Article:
Scientists at the U.S. Department of Energy’s Ames Laboratory discovered a new quantum criticality in a superconducting material using solid-state nuclear magnetic resonance (ssNMR) techniques. According to scientists, the discovery may lead to getting a detailed insight into the link between magnetism and unconventional superconductivity.
Most iron-arsenide superconductors show both magnetic and structural (or nematic) advances, making it difficult to comprehend the job they play in superconducting states. In any case, a compound of calcium, potassium, iron, and arsenic, and doped with a little amount of nickel, CaK(Fe1-xNix)4As4, first made at Ames Laboratory, has been found to show another magnetic state called a hedgehog turn vortex precious stone antiferromagnetic state without nematic changes.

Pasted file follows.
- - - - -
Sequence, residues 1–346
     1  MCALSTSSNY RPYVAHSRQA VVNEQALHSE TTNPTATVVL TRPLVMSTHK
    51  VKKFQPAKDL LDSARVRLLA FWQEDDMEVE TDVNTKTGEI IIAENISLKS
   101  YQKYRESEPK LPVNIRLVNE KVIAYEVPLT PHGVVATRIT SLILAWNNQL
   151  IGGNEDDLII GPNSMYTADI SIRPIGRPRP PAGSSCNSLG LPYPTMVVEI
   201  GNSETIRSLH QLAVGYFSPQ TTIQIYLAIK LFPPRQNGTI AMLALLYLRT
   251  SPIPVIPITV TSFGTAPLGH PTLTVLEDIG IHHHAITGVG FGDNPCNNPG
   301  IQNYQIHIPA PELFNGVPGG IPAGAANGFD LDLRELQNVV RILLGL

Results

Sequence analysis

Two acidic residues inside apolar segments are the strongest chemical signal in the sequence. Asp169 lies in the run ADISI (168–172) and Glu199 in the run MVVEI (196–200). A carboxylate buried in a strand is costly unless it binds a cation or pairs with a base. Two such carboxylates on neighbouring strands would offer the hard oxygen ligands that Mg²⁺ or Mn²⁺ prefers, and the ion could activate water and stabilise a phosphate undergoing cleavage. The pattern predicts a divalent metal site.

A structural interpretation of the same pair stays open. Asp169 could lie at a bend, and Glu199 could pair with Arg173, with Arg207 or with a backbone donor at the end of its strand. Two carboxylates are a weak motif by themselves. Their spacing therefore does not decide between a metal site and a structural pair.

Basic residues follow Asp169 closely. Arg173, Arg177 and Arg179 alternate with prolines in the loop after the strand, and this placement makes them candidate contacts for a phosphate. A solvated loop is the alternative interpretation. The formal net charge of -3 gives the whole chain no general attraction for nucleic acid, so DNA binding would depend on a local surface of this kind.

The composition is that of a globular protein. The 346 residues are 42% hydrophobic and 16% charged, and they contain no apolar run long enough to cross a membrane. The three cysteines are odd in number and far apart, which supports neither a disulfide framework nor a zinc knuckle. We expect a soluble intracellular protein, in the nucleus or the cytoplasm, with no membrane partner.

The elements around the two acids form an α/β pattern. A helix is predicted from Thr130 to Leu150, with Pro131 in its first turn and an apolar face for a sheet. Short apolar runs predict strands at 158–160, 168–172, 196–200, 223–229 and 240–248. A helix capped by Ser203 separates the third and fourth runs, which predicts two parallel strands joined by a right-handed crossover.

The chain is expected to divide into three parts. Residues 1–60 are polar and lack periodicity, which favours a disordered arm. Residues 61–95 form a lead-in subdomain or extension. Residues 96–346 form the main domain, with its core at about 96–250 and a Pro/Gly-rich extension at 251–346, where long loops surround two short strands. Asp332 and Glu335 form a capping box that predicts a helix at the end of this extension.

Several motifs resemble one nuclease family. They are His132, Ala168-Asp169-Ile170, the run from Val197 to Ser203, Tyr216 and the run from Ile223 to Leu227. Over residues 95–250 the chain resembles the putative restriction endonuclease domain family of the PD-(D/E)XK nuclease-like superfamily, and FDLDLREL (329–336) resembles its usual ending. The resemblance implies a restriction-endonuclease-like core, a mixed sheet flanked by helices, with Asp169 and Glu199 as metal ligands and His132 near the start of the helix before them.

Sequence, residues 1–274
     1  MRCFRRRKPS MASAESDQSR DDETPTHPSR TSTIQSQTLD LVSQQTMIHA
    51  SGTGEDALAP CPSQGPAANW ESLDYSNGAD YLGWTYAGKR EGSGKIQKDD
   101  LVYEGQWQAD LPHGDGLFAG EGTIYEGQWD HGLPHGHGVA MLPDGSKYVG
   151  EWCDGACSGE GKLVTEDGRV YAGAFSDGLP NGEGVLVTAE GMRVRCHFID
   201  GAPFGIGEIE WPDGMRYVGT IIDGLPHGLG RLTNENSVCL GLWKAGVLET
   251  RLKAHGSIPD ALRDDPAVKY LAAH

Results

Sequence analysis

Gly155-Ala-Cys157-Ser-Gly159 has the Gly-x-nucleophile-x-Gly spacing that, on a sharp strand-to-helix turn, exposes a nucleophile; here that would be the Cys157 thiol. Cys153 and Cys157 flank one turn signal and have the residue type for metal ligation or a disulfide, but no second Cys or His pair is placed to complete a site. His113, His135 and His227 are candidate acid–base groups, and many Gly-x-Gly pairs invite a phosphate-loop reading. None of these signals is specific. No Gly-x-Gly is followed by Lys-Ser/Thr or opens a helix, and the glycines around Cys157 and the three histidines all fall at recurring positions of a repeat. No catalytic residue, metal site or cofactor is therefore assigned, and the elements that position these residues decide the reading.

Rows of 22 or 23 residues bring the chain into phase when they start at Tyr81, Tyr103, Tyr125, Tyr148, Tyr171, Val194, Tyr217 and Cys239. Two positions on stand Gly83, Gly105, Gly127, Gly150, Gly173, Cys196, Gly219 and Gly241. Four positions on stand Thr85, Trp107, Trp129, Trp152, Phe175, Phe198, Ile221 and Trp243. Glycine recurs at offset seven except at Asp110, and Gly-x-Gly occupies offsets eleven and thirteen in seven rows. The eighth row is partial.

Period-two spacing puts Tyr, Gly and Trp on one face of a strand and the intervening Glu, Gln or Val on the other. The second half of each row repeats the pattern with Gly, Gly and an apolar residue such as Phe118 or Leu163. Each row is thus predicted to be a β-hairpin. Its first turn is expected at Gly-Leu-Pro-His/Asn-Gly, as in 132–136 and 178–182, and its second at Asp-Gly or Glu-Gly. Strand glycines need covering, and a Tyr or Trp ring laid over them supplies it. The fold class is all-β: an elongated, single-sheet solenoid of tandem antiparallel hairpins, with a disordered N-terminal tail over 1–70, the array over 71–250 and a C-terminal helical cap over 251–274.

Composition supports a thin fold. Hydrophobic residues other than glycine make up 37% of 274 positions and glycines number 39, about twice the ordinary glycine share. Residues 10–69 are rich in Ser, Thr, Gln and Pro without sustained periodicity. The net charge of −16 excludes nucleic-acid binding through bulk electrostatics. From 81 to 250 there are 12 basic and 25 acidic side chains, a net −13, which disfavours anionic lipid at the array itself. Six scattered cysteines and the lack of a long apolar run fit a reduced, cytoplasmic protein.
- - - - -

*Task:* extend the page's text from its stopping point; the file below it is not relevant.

Yuji Furukawa, a senior scientist at Ames Laboratory and a professor of Physics and Astronomy at Iowa State University said, “Spin or nematic fluctuations can be considered to play an important role for unconventional superconductivity. th this particular material, we were able to examine only the magnetic fluctuations, and NMR is one of the most sensitive techniques for examining them.”
“Using 75As NMR, we discovered that CaKFe4As4 is located at a hedgehog spin-vortex crystal antiferromagnetic quantum critical point which is avoided due to superconductivity. The discovery of the magnetic quantum criticality without nematicity in CaK(Fe1−xNix)4As4 suggests that the spin fluctuations are the primary driver of superconductivity.”
Paul Canfield, a senior scientist at Ames Laboratory said, “This is a new type of magnetic order. You have this interesting interaction between superconductivity and magnetism from high temperatures in the normal state. This gives us some sense that this high-temperature superconductivity may be coming from this near quantum critical antiferromagnetic transition.”
The study is published in journal Physical Review Letters.